The Post-Resurrection Gospel Presupposes the Pre-Resurrection Kingdom

The reason that the life and message of Jesus Christ portrayed in the gospel accounts, particularly the Synoptics, seem so far removed from the post-resurrection Gospel of Paul and the other apostles to our thinking is that we wrongly see a chasm between the kingdom of God and the Gospel of Jesus Christ. The former is actually the foundation and presupposition of the latter.

Jesus the Messiah embodies the in-breaking of God‘s kingdom evidenced most graphically by healings and exorcisms, which dominate the Synoptics right up the passion narratives.

Jesus incarnates God’s good news of vanquishing sin in the world and rescuing sinners. “Trust in the crucified and risen Lord” is possible because of the message “Repent, for the kingdom of God is at hand.”

Paul’s message summarized in 1 Corinthians 15:1f. is the focused intensification of the broad, sweeping truth that in Jesus Christ God is reversing what man lost in Eden and bringing the entire world back into line with God’s holy purposes.

Never feel perplexed that the gospels are almost filled with accounts of healings and exorcisms, while Acts and the rest of the New Testament seem to go in an entirely different direction, with the stress on salvation by grace through faith in Jesus Christ.

The latter is the result of the former, is the natural consequence of the former, and impossible without the former.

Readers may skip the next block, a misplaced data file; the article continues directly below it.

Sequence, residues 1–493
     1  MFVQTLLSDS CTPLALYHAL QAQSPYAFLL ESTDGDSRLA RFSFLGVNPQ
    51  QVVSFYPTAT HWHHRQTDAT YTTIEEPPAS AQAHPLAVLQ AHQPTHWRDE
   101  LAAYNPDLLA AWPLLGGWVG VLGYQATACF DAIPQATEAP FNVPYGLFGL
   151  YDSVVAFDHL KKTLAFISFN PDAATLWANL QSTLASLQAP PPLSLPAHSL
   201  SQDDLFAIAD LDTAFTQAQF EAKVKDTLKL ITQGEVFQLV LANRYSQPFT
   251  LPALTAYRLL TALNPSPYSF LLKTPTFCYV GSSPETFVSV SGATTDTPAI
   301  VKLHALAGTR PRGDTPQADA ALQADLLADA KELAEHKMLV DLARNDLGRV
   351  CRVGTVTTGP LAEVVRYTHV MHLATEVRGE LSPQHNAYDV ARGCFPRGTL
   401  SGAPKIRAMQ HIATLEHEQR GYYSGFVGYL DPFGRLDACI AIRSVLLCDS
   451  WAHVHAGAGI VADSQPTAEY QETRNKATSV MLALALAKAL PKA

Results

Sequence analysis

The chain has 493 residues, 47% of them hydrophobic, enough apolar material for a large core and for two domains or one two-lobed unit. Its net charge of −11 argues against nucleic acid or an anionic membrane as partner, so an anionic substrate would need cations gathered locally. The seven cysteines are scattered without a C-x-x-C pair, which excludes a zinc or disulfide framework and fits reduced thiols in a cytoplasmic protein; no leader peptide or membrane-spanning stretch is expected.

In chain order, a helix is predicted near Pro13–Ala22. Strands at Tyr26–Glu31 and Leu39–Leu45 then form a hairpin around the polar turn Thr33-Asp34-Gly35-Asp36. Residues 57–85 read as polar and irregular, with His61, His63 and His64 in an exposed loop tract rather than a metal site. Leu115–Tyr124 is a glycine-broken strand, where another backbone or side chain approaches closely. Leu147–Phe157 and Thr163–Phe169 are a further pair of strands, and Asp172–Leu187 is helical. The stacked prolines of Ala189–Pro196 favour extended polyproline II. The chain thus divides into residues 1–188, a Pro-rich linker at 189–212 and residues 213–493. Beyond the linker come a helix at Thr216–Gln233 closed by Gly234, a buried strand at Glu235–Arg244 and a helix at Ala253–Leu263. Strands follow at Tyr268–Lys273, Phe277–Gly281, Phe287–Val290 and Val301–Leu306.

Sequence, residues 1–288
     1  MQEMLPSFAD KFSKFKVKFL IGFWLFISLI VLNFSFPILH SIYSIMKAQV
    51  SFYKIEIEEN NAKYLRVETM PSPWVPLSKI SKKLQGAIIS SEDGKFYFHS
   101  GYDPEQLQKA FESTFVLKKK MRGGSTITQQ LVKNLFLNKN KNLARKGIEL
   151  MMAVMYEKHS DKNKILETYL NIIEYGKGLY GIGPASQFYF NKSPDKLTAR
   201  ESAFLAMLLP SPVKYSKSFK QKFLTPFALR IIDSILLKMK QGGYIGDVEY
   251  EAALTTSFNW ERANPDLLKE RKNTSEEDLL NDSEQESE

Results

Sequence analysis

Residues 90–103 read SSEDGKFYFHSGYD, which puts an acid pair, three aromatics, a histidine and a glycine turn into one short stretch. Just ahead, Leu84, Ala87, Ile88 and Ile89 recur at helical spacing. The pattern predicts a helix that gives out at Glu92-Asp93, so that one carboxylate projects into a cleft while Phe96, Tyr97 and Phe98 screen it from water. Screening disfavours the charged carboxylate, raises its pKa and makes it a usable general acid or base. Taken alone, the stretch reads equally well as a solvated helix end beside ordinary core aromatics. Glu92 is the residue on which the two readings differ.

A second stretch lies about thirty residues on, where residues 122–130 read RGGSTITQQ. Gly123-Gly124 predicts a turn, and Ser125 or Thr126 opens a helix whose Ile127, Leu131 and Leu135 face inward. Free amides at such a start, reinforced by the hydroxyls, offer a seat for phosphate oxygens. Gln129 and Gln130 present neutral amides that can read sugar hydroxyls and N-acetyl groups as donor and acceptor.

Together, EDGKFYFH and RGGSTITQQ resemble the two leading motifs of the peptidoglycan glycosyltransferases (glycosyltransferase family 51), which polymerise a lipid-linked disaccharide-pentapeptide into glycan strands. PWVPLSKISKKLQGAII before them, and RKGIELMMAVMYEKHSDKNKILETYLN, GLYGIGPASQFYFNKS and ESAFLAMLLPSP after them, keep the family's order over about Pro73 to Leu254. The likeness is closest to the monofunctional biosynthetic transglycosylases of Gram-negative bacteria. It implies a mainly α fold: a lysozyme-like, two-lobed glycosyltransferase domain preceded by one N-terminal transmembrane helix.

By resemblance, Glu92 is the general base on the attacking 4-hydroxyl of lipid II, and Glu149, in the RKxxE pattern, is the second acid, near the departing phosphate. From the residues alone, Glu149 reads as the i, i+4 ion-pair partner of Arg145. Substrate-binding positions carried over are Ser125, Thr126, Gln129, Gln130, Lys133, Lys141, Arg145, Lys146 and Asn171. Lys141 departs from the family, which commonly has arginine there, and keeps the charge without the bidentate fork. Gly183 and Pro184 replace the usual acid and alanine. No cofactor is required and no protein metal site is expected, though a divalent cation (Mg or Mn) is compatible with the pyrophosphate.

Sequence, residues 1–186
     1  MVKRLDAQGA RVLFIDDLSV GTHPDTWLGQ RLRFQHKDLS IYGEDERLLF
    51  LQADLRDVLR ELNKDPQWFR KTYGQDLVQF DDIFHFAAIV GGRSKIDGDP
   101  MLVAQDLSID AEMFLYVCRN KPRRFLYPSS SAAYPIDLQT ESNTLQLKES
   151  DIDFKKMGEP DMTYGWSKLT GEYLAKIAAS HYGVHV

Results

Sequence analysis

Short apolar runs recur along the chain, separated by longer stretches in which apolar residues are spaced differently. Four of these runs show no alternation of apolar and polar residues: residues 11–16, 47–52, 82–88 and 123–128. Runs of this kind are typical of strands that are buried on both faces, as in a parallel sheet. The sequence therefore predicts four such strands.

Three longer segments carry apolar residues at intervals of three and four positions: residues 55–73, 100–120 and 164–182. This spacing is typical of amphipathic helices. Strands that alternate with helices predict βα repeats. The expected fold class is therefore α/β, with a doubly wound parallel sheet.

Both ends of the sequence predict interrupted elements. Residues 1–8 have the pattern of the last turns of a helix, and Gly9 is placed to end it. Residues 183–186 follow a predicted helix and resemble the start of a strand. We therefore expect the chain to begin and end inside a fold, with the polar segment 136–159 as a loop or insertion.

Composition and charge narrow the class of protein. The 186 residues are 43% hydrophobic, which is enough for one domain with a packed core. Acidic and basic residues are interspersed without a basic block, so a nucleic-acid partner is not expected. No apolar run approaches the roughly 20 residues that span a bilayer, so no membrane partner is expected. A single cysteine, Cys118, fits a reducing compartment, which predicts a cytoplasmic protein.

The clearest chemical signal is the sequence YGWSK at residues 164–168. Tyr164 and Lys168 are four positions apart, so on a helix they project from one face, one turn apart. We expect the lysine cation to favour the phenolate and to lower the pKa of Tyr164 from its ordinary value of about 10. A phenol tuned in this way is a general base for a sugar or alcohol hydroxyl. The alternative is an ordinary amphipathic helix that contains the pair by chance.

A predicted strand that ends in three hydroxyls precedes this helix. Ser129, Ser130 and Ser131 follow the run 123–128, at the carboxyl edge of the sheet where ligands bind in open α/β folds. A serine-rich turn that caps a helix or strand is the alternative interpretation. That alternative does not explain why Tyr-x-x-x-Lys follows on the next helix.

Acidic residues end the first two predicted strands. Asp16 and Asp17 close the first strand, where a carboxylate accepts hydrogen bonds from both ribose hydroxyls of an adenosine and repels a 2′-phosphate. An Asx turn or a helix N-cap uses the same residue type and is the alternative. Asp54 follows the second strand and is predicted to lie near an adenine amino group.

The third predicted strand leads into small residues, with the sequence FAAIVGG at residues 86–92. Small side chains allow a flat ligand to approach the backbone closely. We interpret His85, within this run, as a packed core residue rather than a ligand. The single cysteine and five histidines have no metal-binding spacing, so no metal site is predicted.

The gospel of Jesus Christ is the gospel of the kingdom of God. No kingdom, no Gospel.

Author: P. Andrew Sandlin

I am founder & president of the Center for Cultural Leadership, core faculty of the H. Evan Runner International Academy for Cultural Leadership and De Yong Distinguished Visiting Professor of Culture and Theology, Edinburg Theological Seminary, and an ordained minister in the Fellowship of Mere Christianity. I am happily married to Sharon Lynn Sandlin (nee Habedank) and have five adult children and four grandchildren.

Leave a Reply

Fill in your details below or click an icon to log in:

WordPress.com Logo

You are commenting using your WordPress.com account. Log Out /  Change )

Google photo

You are commenting using your Google account. Log Out /  Change )

Twitter picture

You are commenting using your Twitter account. Log Out /  Change )

Facebook photo

You are commenting using your Facebook account. Log Out /  Change )

Connecting to %s